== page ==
In their 2013 book The App Generation, Howard Gardner and Katie Davis coin the terms “app-enabling” and “app-dependent” to describe two ways we may choose to view a world “permeated by apps” (p 9). According to Gardner and Davis, “apps that allow or encourage us to pursue new possibilities are app-enabling. In contrast, when we allow apps to restrict or determine our procedures, choices, and goals, we become app-dependent” (p 10). So how might these two ways of viewing technology look in the classroom? The table below contains some examples for you to consider.
App-EnabledMathStudents use a calculator application to solve problems or check their workStudents are given a problem based learning scenario and must use a variety of apps and websites to formulate a plan and find a solutionWritingStudents attach their essays to an email for the teacher to grade digitallyStudents publish their writing online and glean feedback from an authentic audienceReadingStudents access websites like Spark Notes to help them understand the themes, conflicts, and important passages in the novels they are readingStudents participate in a digital literature circle with kids they have never met. Together, they develop a shared understanding of the novel by bringing their various experiences to the reading.Social StudiesStudents access primary source and secondary source materials to learn about injustices in our worldStudents use the power of the internet to network with others and serve their community in an authentic wayScienceStudents explore museum websites or participate in online simulationsStudents are connected to experts in the field via Google Hangouts or Skype in the ClassroomLanguagesStudents use a flash card app to practice vocabulary in isolationStudents create content in the foreign language they are learningArt/MusicStudents use apps to learn about or study the work of othersStudents put their work in front of a genuine audience or turn their creations into profits by opening a storefront and selling their work online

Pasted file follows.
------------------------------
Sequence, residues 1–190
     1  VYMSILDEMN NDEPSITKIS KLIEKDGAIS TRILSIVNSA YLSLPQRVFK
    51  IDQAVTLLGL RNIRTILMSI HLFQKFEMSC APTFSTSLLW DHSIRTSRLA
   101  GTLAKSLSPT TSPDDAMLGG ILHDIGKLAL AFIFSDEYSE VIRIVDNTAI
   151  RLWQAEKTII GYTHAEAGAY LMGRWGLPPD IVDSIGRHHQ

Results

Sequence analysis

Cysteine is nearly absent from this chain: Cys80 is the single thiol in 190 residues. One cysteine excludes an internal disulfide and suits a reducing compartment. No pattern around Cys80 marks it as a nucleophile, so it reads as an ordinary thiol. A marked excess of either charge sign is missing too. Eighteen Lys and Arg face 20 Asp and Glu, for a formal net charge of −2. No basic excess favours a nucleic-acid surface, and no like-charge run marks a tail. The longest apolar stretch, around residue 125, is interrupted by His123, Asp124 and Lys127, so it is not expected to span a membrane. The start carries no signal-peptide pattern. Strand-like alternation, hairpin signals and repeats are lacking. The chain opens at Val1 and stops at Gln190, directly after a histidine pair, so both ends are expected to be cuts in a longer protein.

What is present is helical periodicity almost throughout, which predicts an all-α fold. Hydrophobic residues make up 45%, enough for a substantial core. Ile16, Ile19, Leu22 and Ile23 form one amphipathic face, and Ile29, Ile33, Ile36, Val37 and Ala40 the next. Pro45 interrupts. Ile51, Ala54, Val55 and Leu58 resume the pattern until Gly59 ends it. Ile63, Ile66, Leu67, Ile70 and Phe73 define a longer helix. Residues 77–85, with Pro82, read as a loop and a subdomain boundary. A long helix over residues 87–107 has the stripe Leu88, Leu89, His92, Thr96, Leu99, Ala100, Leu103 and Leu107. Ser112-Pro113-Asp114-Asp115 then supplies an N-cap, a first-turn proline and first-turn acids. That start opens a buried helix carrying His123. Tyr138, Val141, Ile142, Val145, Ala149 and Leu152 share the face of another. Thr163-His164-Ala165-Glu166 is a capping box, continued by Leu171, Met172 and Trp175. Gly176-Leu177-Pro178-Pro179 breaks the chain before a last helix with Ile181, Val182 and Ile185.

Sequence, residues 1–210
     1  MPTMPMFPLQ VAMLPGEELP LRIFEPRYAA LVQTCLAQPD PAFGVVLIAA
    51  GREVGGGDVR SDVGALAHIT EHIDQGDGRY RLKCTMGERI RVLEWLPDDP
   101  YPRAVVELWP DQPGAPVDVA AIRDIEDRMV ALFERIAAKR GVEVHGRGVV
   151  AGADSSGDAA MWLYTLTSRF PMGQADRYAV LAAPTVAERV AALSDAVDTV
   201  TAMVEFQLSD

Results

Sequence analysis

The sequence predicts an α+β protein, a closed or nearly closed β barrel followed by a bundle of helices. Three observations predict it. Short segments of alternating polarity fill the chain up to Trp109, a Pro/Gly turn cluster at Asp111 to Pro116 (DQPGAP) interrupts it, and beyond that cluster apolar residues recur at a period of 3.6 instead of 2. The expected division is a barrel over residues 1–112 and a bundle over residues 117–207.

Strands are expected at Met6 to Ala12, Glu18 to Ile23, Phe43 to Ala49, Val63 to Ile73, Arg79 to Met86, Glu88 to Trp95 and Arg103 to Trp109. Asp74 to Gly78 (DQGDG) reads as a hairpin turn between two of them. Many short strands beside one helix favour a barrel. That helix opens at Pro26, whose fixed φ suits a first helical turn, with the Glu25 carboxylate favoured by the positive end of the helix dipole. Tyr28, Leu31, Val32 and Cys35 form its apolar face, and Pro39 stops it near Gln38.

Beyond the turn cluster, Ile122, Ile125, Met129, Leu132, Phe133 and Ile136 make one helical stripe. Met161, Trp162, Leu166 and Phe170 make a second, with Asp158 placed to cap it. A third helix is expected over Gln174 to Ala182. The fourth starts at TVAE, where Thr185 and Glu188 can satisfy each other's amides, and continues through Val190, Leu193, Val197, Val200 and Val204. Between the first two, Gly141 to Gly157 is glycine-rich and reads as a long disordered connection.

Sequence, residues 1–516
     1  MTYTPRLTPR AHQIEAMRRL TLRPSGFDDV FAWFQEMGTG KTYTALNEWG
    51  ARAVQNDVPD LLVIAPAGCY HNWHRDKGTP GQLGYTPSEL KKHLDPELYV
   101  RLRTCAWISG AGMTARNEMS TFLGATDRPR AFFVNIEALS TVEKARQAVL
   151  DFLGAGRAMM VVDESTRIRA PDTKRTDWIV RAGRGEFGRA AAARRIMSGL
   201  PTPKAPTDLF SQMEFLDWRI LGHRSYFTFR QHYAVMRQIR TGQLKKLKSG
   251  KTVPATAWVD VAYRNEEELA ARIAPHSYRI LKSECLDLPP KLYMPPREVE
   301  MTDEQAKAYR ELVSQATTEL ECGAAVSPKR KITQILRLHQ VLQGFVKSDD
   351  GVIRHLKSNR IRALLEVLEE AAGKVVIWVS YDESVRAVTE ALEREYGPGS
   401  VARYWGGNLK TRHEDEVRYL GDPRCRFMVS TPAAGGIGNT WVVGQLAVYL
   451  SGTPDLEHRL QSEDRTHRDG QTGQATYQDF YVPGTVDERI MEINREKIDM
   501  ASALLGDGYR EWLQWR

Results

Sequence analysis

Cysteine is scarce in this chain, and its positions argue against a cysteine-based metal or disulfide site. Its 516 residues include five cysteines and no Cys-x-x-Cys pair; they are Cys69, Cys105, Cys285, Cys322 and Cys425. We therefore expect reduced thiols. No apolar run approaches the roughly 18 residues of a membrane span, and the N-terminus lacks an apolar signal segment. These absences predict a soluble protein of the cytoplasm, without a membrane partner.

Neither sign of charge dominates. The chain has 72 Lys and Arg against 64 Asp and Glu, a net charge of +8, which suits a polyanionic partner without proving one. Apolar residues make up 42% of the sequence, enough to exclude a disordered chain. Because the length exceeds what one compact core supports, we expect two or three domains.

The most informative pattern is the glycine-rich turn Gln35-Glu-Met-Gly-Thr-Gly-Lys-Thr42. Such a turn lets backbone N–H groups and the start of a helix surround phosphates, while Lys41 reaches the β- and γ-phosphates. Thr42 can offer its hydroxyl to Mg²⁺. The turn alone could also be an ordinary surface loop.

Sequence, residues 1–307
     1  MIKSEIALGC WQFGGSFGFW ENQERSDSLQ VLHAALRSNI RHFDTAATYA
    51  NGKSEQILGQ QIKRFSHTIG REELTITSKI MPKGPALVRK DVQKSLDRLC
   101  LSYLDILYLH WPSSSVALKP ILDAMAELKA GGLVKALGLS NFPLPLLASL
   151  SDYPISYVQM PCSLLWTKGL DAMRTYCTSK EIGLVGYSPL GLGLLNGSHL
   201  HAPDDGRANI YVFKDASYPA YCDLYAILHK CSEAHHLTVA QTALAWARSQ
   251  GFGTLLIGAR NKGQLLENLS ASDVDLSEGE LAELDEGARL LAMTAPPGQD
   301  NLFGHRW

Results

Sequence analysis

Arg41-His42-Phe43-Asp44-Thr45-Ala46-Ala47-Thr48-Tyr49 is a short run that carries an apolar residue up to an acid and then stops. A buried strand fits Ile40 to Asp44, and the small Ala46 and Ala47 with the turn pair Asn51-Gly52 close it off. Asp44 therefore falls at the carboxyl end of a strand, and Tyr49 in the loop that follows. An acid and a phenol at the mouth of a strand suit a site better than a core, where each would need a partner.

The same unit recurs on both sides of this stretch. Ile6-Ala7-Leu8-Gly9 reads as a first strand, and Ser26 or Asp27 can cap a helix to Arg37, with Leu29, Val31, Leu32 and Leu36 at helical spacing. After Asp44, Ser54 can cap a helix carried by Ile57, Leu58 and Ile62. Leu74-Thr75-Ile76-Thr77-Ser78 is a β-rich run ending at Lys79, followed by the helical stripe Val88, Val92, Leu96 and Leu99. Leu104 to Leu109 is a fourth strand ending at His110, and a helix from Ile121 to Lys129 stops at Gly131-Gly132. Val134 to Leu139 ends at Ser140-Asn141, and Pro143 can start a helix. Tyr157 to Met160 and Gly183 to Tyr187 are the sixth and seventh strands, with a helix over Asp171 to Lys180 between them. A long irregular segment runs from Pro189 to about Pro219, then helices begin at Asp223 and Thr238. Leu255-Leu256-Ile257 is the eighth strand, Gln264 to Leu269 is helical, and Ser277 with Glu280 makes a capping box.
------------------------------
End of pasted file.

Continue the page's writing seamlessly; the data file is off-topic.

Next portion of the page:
Technology in the classroom opens up so many options for students to engage in real-world, authentic learning experiences. I would encourage you to think about ways to move from a classroom of content consumption to one where creation, connection, and critical thinking are fostered by the types of app-enabling activities you engage your students in! References: Gardner, H., & Davis, K. (2013). The App generation: How today’s youth navigate identity, intimacy, and imagination in a digital world. New Haven: Yale University Press.